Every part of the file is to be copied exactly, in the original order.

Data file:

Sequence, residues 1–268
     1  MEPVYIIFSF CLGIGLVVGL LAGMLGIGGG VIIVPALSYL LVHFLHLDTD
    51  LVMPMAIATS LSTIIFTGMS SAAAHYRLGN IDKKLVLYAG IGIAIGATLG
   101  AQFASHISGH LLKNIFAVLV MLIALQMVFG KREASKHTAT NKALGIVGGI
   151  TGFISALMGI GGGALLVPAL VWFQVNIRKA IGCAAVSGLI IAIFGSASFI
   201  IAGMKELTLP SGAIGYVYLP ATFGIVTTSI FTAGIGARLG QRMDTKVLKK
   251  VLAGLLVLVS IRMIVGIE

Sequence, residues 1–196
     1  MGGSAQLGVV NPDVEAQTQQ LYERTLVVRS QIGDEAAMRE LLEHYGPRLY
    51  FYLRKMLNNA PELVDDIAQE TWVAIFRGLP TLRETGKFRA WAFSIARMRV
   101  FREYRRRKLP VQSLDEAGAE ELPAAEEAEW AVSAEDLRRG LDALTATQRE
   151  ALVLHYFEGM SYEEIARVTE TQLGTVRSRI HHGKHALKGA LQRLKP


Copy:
Sequence, residues 1–268
     1  MEPVYIIFSF CLGIGLVVGL LAGMLGIGGG VIIVPALSYL LVHFLHLDTD
    51  LVMPMAIATS LSTIIFTGMS SAAAHYRLGN IDKKLVLYAG IGIAIGATLG
   101  AQFASHISGH LLKNIFAVLV MLIALQMVFG KREASKHTAT NKALGIVGGI
   151  TGFISALMGI GGGALLVPAL VWFQVNIRKA IGCAAVSGLI IAIFGSASFI
   201  IAGMKELTLP SGAIGYVYLP ATFGIVTTSI FTAGIGARLG QRMDTKVLKK
   251  VLAGLLVLVS IRMIVGIE

Sequence, residues 1–196
     1  MGGSAQLGVV NPDVEAQTQQ LYERTLVVRS QIGDEAAMRE LLEHYGPRLY
    51  FYLRKMLNNA PELVDDIAQE TWVAIFRGLP TLRETGKFRA WAFSIARMRV
   101  FREYRRRKLP VQSLDEAGAE ELPAAEEAEW AVSAEDLRRG LDALTATQRE
   151  ALVLHYFEGM SYEEIARVTE TQLGTVRSRI HHGKHALKGA LQRLKP